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Our first night out after the accident was to the theatre. Classy stuff. We had dinner with friends beforehand, had a drink each, laughed a lot about … well, who knows what people talk about over dinner. It’s often very strange stuff, like whether that dress you’re wearing is similar to one I have or if it’s actually my dress that you borrowed two years ago and never gave back; or if that man over there who looks a lot like someone we know is actually our friend and the person sitting here at the table with us is an imposting doppelganger. And whether imposting is a word. And if it is customary to wear marzipan eyebrows at the cutting of your wedding cake. Or someone else’s wedding cake. Stuff like that. That’s the stuff we talk about over dinner.

One of the realities of having a spinal cord injury is that sometimes, if Brad is somewhere that doesn’t have a properly accessible toilet, then he needs a bit of assistance in the bathroom. It’s no big deal, really. At least, not to me. But he isn’t exactly a fan. He told me once that he used to be so well toilet-trained – he was so good at going to the bathroom – that he didn’t even think about it. So I can understand how it’s a bit of a downer to suddenly find he needs someone to help him not fall off. And I can understand why it sometimes makes him a bit grumpy to listen to me chattering away happily while he’s somewhat humiliated and wishing that I would just leave the room.

Privacy, Gen. It’s a thing we used to have in our lives.

Not anymore, Brad. I’m here for you. You’re welcome.

So what I’m getting at is that before the show, I had to assist Brad in the bathroom. We were in a pretty hilarious mood. And that’s lucky, because what happened next could only happen in a comedy movie. In fact, it often does happen in comedy movies and I hate it. I hate toilet humour. I’d like you to know that. I have nightmares about that kind of thing. Any bathroom scene is bound to be horrible and I don’t want to see it. But I digress.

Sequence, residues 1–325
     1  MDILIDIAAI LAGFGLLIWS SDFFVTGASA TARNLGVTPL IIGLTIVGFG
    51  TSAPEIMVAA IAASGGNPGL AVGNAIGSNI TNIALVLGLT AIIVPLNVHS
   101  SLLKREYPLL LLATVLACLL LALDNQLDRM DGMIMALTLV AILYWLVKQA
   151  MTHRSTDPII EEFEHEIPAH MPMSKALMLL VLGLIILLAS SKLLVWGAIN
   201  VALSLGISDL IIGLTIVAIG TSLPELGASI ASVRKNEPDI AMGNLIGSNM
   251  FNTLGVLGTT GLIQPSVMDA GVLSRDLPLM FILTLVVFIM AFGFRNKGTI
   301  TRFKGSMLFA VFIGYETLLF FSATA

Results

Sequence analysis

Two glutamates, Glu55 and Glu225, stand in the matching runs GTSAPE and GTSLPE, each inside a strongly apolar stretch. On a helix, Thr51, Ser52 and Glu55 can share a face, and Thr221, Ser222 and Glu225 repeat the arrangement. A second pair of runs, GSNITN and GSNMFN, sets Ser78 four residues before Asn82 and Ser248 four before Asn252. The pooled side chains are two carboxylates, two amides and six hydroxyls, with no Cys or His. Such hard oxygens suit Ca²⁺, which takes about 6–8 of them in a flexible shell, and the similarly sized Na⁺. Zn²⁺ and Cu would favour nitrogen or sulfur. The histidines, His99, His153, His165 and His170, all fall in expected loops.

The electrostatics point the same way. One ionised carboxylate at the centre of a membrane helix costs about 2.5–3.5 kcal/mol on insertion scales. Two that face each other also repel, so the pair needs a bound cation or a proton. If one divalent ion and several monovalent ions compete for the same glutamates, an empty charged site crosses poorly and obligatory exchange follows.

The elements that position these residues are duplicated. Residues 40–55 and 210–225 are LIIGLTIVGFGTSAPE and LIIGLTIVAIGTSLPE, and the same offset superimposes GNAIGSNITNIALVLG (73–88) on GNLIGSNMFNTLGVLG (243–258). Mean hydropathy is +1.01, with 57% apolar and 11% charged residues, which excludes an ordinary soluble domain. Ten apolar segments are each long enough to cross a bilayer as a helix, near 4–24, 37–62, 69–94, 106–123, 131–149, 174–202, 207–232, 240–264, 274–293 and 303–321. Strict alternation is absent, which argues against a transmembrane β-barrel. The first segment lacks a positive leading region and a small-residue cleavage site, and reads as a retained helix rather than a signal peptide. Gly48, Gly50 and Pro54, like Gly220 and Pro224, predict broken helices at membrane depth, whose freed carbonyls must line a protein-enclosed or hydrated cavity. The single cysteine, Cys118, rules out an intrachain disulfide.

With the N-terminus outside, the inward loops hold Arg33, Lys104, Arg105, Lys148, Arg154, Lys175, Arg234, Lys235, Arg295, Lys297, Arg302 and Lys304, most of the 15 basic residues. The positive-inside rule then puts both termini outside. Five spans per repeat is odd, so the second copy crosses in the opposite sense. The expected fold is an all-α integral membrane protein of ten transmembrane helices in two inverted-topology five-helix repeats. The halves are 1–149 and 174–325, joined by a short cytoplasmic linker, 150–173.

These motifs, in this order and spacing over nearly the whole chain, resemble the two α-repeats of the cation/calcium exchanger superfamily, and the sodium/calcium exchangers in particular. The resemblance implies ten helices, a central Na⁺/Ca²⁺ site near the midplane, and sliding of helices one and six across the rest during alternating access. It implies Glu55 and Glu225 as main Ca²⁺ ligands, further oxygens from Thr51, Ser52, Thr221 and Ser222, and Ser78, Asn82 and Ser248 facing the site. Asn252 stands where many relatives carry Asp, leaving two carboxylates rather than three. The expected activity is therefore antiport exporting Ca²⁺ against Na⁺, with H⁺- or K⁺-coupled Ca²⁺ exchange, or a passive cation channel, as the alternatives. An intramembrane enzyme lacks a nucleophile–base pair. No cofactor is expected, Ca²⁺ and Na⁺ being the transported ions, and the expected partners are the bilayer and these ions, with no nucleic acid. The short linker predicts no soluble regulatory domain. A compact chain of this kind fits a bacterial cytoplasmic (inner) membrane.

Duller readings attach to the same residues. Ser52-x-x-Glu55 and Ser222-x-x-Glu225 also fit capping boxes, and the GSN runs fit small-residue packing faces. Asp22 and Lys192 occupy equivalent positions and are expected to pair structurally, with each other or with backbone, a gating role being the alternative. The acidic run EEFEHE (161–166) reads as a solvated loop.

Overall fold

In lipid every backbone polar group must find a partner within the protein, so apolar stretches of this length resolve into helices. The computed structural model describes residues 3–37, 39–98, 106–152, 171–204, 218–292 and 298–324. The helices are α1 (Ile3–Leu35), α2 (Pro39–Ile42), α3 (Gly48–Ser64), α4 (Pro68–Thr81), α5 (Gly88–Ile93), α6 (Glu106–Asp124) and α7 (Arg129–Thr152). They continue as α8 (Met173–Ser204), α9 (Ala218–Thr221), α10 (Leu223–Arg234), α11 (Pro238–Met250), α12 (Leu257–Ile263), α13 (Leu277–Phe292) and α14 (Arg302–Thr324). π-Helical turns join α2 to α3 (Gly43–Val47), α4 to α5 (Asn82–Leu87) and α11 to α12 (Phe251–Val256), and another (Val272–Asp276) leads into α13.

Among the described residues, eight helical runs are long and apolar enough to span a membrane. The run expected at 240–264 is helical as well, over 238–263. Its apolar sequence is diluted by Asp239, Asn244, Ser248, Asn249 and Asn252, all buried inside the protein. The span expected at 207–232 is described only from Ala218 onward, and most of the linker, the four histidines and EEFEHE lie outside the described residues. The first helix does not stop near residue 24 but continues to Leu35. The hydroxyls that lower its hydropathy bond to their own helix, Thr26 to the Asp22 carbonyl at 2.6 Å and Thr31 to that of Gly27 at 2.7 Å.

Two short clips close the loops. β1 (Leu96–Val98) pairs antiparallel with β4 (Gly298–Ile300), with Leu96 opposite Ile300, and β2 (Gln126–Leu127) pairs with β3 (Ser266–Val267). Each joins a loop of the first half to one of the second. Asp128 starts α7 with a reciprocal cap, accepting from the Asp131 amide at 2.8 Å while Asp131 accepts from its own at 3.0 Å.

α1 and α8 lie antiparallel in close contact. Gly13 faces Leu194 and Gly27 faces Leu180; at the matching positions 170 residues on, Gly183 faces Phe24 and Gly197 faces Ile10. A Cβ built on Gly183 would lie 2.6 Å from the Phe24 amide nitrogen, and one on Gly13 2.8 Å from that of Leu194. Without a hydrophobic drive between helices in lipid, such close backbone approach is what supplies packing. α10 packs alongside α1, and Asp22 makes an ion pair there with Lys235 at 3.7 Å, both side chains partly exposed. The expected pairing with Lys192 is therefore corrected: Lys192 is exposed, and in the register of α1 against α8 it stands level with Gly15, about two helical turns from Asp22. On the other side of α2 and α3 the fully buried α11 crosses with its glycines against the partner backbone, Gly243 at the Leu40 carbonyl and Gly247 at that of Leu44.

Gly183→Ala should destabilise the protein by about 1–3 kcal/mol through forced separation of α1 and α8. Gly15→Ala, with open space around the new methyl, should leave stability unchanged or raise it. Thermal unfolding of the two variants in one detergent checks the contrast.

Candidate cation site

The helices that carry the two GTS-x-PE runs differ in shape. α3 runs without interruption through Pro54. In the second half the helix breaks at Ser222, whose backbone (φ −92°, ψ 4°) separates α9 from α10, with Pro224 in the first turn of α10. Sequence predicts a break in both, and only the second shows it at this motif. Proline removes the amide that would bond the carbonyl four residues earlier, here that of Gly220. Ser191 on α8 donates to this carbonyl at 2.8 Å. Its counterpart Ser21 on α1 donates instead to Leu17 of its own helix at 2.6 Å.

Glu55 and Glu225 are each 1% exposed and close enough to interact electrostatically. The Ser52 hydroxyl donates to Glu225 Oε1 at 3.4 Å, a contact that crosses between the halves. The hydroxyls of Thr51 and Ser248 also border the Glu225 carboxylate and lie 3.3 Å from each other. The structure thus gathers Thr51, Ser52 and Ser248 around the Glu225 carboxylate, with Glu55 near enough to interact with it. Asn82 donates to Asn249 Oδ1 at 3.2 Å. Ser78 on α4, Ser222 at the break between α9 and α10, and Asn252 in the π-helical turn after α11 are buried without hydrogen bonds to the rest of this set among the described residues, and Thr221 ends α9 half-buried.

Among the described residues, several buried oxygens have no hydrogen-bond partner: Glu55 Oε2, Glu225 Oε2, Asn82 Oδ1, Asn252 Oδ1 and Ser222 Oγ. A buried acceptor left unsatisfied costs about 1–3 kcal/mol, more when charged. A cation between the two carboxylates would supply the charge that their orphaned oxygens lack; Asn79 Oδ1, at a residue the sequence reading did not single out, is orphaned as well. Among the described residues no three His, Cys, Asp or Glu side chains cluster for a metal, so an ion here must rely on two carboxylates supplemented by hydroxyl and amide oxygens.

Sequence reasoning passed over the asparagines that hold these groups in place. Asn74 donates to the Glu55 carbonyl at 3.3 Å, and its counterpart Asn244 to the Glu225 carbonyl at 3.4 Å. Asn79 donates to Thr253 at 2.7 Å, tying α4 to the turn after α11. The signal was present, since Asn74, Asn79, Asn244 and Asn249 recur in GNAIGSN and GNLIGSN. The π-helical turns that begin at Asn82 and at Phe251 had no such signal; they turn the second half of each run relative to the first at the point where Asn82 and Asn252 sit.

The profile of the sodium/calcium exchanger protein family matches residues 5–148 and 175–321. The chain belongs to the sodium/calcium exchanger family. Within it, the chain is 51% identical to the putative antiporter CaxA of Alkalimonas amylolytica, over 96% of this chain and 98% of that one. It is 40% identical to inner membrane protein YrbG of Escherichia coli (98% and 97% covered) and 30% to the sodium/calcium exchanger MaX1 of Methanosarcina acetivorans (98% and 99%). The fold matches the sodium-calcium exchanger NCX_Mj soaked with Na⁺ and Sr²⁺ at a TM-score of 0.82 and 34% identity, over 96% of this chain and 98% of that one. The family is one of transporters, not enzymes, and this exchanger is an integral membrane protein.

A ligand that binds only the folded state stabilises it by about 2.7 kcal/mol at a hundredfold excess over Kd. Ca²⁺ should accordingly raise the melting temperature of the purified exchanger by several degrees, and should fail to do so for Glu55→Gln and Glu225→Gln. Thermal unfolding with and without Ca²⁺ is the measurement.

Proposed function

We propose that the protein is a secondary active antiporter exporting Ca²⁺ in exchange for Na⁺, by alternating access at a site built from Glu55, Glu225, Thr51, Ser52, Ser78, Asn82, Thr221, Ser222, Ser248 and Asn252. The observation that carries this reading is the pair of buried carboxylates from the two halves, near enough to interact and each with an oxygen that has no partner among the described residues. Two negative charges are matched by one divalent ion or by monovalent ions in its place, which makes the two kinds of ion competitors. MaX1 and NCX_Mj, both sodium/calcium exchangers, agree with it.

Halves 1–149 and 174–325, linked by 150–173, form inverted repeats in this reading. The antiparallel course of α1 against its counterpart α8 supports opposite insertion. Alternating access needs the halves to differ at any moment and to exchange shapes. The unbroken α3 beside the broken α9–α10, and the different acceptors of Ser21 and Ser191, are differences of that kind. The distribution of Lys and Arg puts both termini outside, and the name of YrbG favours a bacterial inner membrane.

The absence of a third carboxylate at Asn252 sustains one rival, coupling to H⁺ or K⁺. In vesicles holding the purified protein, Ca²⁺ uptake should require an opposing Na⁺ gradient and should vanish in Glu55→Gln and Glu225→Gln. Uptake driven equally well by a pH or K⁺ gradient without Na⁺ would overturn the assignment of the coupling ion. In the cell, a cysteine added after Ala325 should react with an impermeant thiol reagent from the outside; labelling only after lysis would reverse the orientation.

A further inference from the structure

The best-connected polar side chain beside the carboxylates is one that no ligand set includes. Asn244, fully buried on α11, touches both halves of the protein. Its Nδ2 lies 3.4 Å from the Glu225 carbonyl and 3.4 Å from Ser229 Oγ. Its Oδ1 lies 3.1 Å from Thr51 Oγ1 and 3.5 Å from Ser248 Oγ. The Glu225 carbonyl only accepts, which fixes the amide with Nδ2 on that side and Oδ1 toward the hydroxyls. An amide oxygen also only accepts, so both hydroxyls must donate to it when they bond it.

As I helped Brad onto the seat and then waited to help him back into his wheelchair, he told me about a nurse at the hospital who scrunched the toilet paper instead of folding it, and we were both horrified that this is actually a thing people do, and we lost all respect for her immediately. We can’t be friends. Sorry. It’s over. We wondered how many other people do this, but we didn’t want to ask because that’s rude and also because I don’t think I want people to tell me too much about themselves. Privacy, people. It’s a thing we need to have in our lives. Also, let’s not talk about anything to do with the bathroom. I don’t want to have nightmares.

When Brad was safely back in his chair, I realised that I quite desperately needed to pee, and it just so happened that there was an available facility right there in the room.

“That’s disgusting,” Brad told me. “I can’t believe you’d do that while I am right here. What about my privacy?”

Then Brad accidentally bumped the green button that opens the door. And it happened.

The door opened.

Wide.

And there was a man in a suit, clearly also going to the theatre, standing in the doorway. Right where he could see me. It was the most humiliating thing in the world. I screamed. I told Brad, very cleverly, “The door isn’t even closed!” And then I went to hit the button beside me on the wall. But Brad panicked and he hit his button too. And basically we both kept pressing buttons and the door started closing, and then opening again – and this went on for-fucking-ever!

Brad started laughing gleefully and I grumpily asked him what he was so happy about, and he said “Now we’re almost even. You just need people to see you in the bathroom about a million more times. Then we’ll be even.”

I’m not sure I want to be even, Brad.

But at least Brad is no longer embarrassed about asking me for help so I think we both win. Although it’s possible we both lose. Semantics, hey?